Growing at a rate of 7 to 8% annually, Brazil's booming economy is becoming an important market for key Chilean exports.
In the first eight months of this year, Brazil replaced the United States as the second-largest global consumer of Chilean salmon, while the country has also boosted its consumption of Chilean products such as wine, copper and walnuts.
According to figures presented by SalmonChile, from January to August this year, salmon exports from Chile to Brazil were topped only by sales to Japan. The figures surpassed exports to the United States, which fell even further, from 53,000 tons to 24,000 tons during the same period last year.
Chile's Salmon industry experts attribute Brazil’s stable salmon market partially to its large Japanese community, as well as to the economic growth the country is experiencing.
In terms of value, however, the U.S. still remains in second place, with salmon shipments to the country valued at US$239 million in the first eight months of the year, a value 49% higher than shipments to Brazil.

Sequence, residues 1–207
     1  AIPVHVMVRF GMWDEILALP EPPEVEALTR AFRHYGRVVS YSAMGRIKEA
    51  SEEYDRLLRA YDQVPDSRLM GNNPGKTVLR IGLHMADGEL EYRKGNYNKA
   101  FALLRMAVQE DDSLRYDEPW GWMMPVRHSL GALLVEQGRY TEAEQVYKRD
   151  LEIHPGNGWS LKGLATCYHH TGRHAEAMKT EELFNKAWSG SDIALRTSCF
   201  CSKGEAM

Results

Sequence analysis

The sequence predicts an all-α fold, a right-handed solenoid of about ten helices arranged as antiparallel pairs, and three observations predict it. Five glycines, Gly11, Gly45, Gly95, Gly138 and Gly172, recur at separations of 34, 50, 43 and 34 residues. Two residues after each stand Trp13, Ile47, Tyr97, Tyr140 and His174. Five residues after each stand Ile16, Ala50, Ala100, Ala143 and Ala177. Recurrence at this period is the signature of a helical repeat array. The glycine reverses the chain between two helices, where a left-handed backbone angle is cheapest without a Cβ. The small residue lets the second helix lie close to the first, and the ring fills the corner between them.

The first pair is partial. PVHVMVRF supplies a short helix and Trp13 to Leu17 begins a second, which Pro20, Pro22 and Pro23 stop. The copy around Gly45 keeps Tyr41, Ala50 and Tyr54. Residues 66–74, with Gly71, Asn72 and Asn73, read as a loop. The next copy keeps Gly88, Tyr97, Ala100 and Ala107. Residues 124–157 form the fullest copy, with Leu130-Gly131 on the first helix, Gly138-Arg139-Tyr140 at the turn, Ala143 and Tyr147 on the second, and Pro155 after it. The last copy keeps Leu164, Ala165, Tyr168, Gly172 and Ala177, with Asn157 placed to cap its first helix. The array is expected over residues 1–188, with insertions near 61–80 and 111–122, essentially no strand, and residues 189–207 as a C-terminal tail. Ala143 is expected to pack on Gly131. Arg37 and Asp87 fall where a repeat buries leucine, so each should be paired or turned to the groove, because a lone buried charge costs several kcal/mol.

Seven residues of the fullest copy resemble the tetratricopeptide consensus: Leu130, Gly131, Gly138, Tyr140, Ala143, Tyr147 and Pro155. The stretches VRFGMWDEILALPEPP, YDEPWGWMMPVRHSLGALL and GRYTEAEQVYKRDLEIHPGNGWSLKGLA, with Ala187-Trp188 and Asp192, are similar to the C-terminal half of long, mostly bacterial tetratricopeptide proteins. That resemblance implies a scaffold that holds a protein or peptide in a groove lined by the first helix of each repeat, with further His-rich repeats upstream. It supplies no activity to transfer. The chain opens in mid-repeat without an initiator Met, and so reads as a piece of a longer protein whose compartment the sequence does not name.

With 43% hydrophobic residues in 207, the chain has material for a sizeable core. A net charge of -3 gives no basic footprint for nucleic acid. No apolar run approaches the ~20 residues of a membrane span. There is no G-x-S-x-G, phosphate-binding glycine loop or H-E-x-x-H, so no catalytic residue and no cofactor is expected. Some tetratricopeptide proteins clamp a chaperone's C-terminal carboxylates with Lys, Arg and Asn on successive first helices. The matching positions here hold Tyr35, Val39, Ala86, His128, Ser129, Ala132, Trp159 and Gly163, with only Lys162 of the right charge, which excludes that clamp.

Brazil’s secondary position as an importer based on value of shipments is explained because Chilean salmon was sold at an average of US$10,800 per ton to the US, but only US$6,300 to Brazil.
Despite lower prices, industry executives say Brazil will be a good export alternative, because its close proximity to Chile lowers transportation and logistics costs. Cutting costs in these areas is important to the Chilean salmon industry because of the cost of safety measures it must implement to prevent viruses or other health risks from weakening the industry.
Brazil is increasingly consuming other Chilean products as well. From September 2009 to August 2010, Brazil became the third biggest consumer of Chilean wine, making it the top consumer in Latin America, behind only the U.S. and the United Kingdom.
Brazil has also become a top destination for copper wire shipments, and the largest market for refined copper tubes and walnuts. (Santiago Times)